 Confirmed in Ex p Page.
   3 exceptions: o (1) When error not decisive to the decision (i.e. whether 'but for' the error, the decision would have been different, if multiple reasons). o (2) when a special system of (private) rules apply
 Ex P Page (statutes of a university)
 Also (controversial)—extended, Re Racal Communications: decision made by an inferior court, where deemed that Parliament had expressly provided that the decision of judge at first instance = final. o (3) where power granted is so imprecise, is capable of broad interpretation in a range of ways:
 Decision won't be quashed just because court would have come to different view to D-M.
 R v Monopolies Commission, ex p South Yorkshire Transport:
 Monopolies Comm blocked merger, on ground that South Yorks Transport would have a 'substantial part' of the market. HELD: 'substantial' can have wide range of meanings, imprecise word, broad.

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The interpretation of Monopolies Commission was 'within the permissible field of judgment' (Lord Mustill)—
court will only intervene if DM's interpretation was 'irrational' (overlap with unreasonableness). SO look for words with broad interpretation, eg 'adequate'/'substantial' etc

(3) Errors of fact
 [[CAUTION re fact-based challenges: Separation of Powers? Beyond judicial control?]]
 (a) Precedent facts/ 'jurisdictional facts':
 DM's power depended on making an initial finding of fact to trigger the power.
 White & Collins v Minister of Health: o Local authority had power to compulsorily purchase land, but only if the land was not 'parkland'. Authority mistakenly failed to realise land was parkland. Precedent fact wrong =
open to JR.
 R v SSHD, ex p Khawaja o Power to detain, only if they are an 'illegal entrant'—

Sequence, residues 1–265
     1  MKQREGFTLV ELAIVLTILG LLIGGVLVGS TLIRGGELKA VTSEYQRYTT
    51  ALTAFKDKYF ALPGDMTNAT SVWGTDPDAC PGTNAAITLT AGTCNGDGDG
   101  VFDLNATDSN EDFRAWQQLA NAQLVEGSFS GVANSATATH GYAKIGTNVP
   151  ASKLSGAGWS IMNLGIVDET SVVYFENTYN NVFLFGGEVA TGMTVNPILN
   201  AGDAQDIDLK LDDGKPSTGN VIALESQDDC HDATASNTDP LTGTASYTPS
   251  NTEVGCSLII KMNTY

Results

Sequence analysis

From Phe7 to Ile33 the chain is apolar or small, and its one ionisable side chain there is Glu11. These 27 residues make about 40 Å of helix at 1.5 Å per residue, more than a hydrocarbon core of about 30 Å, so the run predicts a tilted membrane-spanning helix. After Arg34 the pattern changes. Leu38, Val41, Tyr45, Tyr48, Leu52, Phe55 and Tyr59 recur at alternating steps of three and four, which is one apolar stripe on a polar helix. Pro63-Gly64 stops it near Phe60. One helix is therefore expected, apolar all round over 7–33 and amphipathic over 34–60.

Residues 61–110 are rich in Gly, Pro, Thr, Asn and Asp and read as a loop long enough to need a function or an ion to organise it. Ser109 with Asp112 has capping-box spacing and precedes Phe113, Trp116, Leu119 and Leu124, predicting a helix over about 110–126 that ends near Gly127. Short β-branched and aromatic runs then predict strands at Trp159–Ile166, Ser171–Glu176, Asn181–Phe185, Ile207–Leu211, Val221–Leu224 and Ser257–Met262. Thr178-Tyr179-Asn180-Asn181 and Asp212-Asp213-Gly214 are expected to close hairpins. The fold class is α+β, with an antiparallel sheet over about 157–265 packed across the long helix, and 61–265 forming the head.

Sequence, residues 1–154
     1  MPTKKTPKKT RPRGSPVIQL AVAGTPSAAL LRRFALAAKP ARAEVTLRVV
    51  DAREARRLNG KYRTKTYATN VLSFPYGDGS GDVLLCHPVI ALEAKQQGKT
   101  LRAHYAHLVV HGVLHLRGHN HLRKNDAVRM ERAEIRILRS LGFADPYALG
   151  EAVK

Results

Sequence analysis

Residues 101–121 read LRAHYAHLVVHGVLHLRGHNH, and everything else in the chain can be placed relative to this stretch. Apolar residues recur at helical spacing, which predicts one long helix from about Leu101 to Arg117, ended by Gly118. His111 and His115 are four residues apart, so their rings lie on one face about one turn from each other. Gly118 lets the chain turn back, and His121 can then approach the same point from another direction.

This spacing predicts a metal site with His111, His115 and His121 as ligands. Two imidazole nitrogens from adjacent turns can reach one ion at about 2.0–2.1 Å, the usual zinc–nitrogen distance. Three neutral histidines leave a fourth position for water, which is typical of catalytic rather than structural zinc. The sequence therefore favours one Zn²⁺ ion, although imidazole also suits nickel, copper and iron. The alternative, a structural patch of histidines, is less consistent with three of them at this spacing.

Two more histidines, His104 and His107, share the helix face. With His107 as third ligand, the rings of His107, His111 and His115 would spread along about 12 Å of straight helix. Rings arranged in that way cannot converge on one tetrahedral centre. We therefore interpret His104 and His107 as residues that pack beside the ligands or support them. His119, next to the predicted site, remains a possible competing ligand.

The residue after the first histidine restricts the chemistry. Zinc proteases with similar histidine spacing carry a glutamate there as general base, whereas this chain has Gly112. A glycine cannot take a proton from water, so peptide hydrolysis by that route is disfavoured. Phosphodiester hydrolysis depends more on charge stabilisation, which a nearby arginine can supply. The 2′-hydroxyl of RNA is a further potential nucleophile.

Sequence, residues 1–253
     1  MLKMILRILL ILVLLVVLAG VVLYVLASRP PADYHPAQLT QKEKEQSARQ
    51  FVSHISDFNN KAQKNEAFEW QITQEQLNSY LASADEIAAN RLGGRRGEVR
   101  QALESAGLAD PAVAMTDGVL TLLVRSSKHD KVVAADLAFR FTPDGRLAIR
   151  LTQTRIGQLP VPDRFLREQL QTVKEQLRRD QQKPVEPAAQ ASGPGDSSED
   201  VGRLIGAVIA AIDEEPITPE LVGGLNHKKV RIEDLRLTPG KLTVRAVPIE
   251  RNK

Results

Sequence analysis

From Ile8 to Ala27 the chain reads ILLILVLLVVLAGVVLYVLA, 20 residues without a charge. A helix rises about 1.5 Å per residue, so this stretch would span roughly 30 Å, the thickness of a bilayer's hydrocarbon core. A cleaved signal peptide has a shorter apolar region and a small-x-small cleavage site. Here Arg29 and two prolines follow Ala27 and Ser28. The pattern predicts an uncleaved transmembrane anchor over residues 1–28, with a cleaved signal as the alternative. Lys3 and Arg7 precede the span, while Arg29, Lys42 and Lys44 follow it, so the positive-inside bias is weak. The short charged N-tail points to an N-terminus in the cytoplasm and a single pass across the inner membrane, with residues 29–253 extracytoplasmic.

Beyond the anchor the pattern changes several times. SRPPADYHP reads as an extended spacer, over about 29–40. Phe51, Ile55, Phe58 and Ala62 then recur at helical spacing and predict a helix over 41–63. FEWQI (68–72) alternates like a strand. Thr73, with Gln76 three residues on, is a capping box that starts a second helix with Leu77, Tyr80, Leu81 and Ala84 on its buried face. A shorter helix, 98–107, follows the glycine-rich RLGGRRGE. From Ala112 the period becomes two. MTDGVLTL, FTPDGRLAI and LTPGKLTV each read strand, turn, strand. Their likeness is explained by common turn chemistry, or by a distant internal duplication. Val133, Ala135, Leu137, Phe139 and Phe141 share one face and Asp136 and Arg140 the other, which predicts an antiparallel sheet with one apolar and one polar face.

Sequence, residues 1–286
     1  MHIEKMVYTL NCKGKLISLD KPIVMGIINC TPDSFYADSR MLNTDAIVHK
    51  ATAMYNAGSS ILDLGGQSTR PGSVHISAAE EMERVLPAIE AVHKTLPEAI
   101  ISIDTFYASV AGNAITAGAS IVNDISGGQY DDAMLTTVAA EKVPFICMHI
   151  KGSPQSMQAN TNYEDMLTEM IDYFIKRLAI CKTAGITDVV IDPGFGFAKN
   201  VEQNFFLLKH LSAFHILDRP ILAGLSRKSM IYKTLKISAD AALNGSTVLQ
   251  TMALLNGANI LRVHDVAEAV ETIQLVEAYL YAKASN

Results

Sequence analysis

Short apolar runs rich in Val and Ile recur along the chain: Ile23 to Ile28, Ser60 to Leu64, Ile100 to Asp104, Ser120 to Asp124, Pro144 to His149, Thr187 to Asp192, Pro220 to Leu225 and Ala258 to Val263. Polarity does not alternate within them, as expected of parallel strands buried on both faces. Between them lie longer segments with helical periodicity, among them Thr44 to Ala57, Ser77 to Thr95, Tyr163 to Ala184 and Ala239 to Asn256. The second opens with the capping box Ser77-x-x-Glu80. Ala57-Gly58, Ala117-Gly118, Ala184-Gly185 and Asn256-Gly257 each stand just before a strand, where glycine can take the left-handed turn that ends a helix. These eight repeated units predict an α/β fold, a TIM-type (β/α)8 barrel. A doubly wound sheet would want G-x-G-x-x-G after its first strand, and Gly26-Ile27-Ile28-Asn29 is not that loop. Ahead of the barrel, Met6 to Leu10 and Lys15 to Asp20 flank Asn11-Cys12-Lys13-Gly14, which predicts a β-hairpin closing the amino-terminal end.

was a precedent fact to trigger the power, was reviewable.
 Powers of this kind are rare, normally body given wide discretion into whether certain facts exist.
 (b) 'No evidence' fact (Coleen; Mahon)
 'no evidence' to support a factual finding.
 Coleen Properties v Minister of Health: Minister wanted to destroy buildings, because 'not fit for habitation'—no evidence to support this.
 SoS Education v Tameside MBC
 Mahon v Air New Zealand, Lord Diplock: decision 'must be based upon some material that tends logically to show the existence of facts consistent with the finding'.
 (c) Ignorance or mistake of an 'established' fact (E v SSHD)
 SoS Education v Tameside MBC: obiter—an erroneous fact might be reviewable. Lord Wilberforce. Re SoS erroneously believed the reintroduction of grammar schools proposed by local authority would disrupt pupils' education, no evidence to support this.
 R v Criminal Injuries Compensation Board (CICB), ex p A: 4 of HL (obiter) accepted mistake of fact can be ground for JR. re inaccurate evidence about findings of a medical examination given to CICB by a policewoman, to determine whether A had suffered injuries she claimed as result of rape.
 Definitive case, E v SoS Home Dep, Carnwath LJ---JR can be sought on basis of mistaken fact: o E an asylum seeker from Egypt, Muslim Brotherhood—
claim to asylum rejected on basis of factual errors (Home Sec